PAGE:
Journal Articles

Some comments on KERMA factors and DPA cross-section data in ACE and MATXS files of JENDL-4.0

Konno, Chikara; Kwon, Saerom; Ota, Masayuki; Sato, Satoshi

JAEA-Conf 2016-004, p.233 - 238, 2016/09

We compared the KERMA factors and DPA cross section data included in the official ACE and MATXS files of JENDL-4.0 with those of ENDF/B-VII.1 and JEFF-3.2. As a result, they were different from those of ENDF/B-VII.1 and JEFF-3.2 in a lot of nuclei, which was considered to be caused by the following new problems; (1) NJOY bugs, (2) huge helium production cross section data, (3) $$gamma$$ production data format in the nuclear data, (4) no detailed secondary particle data (energy-angular distribution data). The ACE and MATXS files of JENDL-4.0 with these problems should be revised based on this study.

Journal Articles

A Simple method for modification of capture reaction and elastic scattering nuclear data in analyses of nuclear data benchmark experiments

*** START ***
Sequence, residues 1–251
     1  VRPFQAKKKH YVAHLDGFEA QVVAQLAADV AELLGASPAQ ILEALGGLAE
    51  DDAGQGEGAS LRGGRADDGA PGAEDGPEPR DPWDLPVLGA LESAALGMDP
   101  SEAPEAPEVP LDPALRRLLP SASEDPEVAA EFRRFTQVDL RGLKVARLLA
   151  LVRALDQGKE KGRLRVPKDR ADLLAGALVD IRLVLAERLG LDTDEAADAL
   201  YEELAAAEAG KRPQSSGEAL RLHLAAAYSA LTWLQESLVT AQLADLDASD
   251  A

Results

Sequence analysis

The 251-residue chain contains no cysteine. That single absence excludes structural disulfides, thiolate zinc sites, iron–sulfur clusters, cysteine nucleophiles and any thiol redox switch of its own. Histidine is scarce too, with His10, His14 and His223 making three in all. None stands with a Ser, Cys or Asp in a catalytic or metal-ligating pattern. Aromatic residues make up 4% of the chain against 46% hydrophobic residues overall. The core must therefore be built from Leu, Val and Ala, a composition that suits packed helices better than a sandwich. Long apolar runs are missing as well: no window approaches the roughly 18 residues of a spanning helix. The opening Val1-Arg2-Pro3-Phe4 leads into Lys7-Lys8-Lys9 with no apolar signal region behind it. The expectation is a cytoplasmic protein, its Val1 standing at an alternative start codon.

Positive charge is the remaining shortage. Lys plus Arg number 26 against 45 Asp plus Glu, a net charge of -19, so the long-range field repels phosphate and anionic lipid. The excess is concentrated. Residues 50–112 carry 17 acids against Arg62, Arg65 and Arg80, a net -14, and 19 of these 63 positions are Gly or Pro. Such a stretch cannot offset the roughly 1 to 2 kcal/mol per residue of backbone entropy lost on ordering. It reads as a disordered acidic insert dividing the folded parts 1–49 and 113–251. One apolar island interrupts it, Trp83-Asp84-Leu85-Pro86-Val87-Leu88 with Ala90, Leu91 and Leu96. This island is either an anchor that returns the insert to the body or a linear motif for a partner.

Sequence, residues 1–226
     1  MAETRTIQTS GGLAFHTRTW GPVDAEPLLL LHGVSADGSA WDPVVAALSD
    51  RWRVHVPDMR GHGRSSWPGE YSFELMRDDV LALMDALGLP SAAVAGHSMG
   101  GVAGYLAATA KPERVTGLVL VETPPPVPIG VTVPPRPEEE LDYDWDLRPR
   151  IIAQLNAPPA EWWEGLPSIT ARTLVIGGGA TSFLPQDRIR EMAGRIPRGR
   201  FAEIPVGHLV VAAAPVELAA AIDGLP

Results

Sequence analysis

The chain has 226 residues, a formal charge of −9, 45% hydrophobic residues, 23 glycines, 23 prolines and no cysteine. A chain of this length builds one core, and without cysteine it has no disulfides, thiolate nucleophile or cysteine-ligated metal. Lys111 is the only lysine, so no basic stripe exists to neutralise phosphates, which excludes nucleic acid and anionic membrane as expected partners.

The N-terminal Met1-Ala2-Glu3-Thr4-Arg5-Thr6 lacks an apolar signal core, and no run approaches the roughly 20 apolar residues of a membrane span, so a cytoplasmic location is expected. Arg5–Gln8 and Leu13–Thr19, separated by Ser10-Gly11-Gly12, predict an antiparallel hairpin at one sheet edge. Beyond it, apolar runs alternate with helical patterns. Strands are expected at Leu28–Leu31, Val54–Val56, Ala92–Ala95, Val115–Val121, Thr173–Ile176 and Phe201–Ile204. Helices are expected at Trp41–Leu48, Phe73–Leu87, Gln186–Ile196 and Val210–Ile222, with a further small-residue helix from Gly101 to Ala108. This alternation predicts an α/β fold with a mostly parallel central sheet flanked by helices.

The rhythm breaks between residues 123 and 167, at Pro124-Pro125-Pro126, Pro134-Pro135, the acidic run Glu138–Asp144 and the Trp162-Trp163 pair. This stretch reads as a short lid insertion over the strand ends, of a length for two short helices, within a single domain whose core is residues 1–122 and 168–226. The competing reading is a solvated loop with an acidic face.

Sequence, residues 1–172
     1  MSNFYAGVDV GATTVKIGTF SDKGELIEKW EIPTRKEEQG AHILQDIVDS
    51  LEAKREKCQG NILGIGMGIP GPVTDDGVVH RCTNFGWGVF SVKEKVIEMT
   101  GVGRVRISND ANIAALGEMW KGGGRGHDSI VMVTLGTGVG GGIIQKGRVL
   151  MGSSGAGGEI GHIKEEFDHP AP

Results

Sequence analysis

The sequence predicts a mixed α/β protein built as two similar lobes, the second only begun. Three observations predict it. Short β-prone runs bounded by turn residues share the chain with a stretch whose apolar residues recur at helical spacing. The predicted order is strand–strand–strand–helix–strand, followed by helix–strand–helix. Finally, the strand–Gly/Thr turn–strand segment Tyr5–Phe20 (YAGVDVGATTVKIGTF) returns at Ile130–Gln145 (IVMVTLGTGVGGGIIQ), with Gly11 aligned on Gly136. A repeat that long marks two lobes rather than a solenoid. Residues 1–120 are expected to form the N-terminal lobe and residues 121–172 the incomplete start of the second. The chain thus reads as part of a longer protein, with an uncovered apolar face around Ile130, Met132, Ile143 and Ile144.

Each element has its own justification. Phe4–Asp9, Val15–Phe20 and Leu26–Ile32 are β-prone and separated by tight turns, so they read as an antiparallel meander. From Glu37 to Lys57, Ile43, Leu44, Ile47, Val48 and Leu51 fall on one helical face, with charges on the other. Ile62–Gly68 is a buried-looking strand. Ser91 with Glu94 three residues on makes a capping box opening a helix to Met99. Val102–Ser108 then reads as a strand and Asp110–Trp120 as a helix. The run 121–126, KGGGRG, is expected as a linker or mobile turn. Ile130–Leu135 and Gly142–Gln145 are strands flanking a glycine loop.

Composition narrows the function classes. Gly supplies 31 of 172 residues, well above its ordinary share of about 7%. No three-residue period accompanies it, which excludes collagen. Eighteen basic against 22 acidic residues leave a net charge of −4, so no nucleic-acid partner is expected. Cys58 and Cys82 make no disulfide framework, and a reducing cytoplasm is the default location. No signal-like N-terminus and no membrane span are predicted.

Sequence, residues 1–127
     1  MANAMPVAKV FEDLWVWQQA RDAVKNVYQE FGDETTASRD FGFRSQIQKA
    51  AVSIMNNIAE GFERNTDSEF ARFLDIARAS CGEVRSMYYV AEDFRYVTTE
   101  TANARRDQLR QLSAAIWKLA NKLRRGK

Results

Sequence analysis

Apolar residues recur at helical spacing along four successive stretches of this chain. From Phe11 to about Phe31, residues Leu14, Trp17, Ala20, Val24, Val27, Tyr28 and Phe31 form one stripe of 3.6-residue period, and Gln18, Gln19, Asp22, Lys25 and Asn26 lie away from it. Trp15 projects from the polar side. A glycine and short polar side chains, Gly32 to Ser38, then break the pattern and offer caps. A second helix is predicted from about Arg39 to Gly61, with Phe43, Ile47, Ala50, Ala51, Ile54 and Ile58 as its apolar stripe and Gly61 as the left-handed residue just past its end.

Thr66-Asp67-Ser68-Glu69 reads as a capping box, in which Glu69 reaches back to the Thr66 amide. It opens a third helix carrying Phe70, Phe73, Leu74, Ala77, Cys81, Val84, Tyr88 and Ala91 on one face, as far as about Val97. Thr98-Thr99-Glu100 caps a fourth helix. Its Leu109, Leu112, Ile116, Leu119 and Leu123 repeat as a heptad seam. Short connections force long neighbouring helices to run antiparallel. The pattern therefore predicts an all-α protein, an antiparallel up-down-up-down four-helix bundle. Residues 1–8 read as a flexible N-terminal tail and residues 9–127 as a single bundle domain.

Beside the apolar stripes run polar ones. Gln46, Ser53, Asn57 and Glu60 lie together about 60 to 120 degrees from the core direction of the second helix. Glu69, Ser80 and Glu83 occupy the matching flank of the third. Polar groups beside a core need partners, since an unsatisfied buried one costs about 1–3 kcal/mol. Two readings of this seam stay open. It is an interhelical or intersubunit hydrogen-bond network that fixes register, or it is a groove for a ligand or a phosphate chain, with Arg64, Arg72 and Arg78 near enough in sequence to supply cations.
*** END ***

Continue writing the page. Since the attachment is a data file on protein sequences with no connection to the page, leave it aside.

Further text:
Konno, Chikara; Kwon, Saerom; Ota, Masayuki; Sato, Satoshi

JAEA-Conf 2016-004, p.239 - 242, 2016/09

In order to specify reasons of the discrepancy between the calculated and measured results in analyses of benchmark experiments, some parts of some isotope data in nuclear data files are often modified and the modifies nuclear data files are processed with the NJOY code and the new ACE or MATXS files are used. However it is not easy to modify capture and elastic scattering data below 1 MeV with resonance data. Thus we devised a simple method to use capture and elastic scattering cross section data generated from resonance data with the NJOY code. This method was applied to detailed analyses of copper and molybdenum benchmark experiments at JAEA/FNS and it was demonstrated that this method was a very powerful tool.

Journal Articles

Problems on FENDL-3.0

Konno, Chikara; Ota, Masayuki; Kwon, Saerom; Ochiai, Kentaro; Sato, Satoshi

JAEA-Conf 2015-003, p.131 - 136, 2016/03